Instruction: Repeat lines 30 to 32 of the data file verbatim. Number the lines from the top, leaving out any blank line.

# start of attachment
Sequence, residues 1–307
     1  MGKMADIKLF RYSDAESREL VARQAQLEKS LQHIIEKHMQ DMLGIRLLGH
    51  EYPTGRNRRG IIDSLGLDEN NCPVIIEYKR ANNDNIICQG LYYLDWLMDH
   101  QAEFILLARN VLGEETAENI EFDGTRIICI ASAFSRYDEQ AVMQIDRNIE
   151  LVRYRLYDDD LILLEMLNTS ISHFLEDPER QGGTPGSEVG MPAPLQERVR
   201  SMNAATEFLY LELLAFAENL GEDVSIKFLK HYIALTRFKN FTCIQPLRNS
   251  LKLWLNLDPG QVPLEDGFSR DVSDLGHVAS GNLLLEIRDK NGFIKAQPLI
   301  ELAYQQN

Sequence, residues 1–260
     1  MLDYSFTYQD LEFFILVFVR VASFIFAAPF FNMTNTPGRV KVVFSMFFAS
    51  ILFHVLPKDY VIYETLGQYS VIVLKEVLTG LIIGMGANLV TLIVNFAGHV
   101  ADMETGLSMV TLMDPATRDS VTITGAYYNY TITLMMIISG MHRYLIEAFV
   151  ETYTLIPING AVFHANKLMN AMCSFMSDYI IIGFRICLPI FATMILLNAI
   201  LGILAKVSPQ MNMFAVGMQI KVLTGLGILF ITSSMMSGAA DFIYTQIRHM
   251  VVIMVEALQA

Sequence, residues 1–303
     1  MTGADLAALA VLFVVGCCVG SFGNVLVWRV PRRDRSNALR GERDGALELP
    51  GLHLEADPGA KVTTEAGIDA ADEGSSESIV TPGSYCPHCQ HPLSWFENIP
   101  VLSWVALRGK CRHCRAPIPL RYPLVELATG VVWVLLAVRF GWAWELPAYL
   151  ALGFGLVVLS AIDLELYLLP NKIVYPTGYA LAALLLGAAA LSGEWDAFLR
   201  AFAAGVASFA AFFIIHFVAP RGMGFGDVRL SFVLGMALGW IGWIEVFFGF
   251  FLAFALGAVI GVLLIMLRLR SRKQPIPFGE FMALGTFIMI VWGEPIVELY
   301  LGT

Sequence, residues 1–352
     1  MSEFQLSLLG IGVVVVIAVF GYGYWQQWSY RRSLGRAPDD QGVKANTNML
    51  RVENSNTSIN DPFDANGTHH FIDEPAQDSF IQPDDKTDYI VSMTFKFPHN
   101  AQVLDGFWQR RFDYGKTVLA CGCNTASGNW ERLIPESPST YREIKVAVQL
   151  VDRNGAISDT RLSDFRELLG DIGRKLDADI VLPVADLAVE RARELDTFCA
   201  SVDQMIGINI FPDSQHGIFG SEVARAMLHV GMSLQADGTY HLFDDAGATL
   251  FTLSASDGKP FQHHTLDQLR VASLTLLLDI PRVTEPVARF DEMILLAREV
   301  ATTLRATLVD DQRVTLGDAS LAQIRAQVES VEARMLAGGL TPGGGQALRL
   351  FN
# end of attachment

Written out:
   251  FTLSASDGKP FQHHTLDQLR VASLTLLLDI PRVTEPVARF DEMILLAREV
   301  ATTLRATLVD DQRVTLGDAS LAQIRAQVES VEARMLAGGL TPGGGQALRL
   351  FN